It's not like they're doing anything with the character, anyway (either in Smallville or in The New 52).

Why do you think DC turned the idea down? Do you think character diversity makes them nervous?

CHRISCROSS: Wow, Eric, sounds like you should be wearing that "X" hat, huh? Heheh….

Well, let's break this down for a minute. I'm not thinking it's some kind of conspiracy that Stephanie Brown wasn't dubbed an African-American woman in Smallville and that I was all hurt up over it.

My plan was to add to the mystery of Smallville and create a diversity that would differentiate Smallville DC from DCU—something that was done when Marvel allowed Bryan Hitch to use the likeness of Samuel Jackson to play Nick Fury in their new renovation and re-imagination of S.H.I.E.L.D. I think a lot of people readily accepted that change because the thought of Samuel Jackson playing anything Marvel related—including Nick Fury—is just a great thing and cool as hell.

Who knows if they put a black Stephanie Brown in Smallville if she would have been accepted by the fans? I think they would have been a touch God-smacked at first, but if the actress was really good and the situation and lines were great, they would have immediately accepted her as Smallville's Stephanie Brown.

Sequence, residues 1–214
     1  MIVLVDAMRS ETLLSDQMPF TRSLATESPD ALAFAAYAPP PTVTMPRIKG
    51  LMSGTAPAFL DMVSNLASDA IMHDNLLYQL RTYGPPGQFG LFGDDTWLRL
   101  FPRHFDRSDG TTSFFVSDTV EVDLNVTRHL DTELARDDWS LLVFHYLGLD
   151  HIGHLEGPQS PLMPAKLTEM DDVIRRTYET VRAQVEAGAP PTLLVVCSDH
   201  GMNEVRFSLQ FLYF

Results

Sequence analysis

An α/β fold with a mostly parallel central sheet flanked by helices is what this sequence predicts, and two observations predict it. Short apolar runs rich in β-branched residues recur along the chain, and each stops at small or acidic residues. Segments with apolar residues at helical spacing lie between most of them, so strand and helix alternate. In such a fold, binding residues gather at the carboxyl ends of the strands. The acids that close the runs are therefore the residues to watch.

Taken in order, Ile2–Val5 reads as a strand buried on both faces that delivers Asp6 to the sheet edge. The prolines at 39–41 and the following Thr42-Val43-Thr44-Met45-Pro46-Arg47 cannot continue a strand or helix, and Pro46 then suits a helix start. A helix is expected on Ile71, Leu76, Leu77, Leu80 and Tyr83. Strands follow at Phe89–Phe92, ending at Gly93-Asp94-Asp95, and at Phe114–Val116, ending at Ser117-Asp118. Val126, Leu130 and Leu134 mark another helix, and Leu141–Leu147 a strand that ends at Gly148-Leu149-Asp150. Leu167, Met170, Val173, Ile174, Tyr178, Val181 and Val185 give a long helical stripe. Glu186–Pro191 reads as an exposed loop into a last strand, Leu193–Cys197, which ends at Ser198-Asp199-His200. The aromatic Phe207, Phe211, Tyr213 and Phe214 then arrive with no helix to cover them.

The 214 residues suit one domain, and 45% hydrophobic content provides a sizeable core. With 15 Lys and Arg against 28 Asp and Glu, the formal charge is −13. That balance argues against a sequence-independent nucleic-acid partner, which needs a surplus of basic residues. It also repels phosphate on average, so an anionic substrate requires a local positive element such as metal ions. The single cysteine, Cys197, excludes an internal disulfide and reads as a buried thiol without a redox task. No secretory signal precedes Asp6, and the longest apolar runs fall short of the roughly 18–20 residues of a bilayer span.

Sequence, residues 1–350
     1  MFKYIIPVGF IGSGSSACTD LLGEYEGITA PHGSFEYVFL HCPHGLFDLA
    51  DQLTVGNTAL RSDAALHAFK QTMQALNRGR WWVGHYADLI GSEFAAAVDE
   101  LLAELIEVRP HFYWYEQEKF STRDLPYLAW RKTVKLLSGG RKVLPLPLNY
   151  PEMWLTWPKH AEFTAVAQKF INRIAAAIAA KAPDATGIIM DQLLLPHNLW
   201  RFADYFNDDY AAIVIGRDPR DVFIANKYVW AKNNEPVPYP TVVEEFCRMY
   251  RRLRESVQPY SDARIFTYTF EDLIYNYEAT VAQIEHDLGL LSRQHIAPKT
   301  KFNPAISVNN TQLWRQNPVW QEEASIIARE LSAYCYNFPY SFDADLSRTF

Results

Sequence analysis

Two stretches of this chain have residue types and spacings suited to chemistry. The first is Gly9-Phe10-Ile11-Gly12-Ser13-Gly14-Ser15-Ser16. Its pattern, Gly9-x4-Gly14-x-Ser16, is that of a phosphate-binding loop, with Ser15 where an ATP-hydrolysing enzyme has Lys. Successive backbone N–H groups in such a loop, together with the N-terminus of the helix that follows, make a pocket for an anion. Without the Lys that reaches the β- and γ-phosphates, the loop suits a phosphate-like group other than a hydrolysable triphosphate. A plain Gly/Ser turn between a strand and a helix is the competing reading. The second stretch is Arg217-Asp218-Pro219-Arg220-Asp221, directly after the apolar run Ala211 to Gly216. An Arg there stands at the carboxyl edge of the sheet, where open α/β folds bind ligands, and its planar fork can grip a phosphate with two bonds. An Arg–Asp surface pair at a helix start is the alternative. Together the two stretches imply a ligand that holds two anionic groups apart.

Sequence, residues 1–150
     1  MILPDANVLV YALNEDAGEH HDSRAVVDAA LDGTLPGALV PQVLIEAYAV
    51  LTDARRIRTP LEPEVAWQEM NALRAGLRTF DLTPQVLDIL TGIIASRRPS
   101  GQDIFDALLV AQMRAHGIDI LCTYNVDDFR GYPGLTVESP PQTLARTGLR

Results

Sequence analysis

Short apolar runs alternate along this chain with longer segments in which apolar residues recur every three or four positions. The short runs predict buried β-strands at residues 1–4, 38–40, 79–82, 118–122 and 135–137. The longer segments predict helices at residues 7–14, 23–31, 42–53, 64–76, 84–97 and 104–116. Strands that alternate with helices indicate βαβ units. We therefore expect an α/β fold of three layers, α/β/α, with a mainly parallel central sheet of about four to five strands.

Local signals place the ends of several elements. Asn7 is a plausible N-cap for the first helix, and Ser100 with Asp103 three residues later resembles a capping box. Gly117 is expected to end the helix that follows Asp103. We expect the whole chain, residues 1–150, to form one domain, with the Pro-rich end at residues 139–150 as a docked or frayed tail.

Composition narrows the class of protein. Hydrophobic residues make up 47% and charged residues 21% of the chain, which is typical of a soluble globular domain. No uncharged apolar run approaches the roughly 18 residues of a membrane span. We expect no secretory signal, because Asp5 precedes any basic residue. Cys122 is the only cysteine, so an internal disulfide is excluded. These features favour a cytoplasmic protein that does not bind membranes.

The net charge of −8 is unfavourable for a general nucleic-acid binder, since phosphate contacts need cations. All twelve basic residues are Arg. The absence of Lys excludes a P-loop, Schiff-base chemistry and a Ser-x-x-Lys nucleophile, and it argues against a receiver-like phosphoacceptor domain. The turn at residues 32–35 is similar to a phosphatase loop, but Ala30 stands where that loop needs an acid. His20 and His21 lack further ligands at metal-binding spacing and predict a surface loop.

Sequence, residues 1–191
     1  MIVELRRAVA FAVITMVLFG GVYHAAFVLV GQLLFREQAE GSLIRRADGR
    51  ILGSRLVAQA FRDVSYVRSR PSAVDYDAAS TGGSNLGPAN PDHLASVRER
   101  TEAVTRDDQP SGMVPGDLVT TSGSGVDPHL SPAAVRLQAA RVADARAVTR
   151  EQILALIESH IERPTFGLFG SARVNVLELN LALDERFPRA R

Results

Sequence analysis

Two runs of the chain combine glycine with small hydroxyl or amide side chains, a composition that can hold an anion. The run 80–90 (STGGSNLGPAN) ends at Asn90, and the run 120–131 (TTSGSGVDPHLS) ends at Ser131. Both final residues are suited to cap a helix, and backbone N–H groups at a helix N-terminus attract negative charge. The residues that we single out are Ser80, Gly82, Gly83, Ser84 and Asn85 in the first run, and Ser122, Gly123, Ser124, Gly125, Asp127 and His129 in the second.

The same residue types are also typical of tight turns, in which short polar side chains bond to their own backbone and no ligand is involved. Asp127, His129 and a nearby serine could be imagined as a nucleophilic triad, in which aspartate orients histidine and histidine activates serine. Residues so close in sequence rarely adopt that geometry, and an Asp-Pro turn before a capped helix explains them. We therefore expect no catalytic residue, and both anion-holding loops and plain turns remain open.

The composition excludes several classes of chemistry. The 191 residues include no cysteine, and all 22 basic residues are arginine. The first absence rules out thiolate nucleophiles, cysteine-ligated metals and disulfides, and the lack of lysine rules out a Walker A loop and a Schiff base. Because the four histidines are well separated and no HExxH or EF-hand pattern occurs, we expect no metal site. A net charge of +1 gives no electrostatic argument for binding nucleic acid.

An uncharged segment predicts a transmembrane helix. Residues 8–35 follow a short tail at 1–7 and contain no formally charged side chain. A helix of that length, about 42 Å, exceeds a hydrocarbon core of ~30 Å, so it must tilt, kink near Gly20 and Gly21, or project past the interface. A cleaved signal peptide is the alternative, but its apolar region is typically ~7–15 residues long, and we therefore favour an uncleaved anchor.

I think people are more peeved about Stephanie's alias being Nightwing than they would have been if she was a "sister". And I also think they made Barbara Gordon Nightwing instead of Stephanie Brown because they thought it would be an uproar that Barbara wasn't given a chance to be the classic partner to the new Batman because of the lore of the character in the Batman Universe. It had the opposite effect. They pulled Steph… which made me nervous because I didn't want to have to redraw panels… hahah…but really made me raise an eyebrow and smile because I didn't know that everyone was so passionate about Stephanie Brown.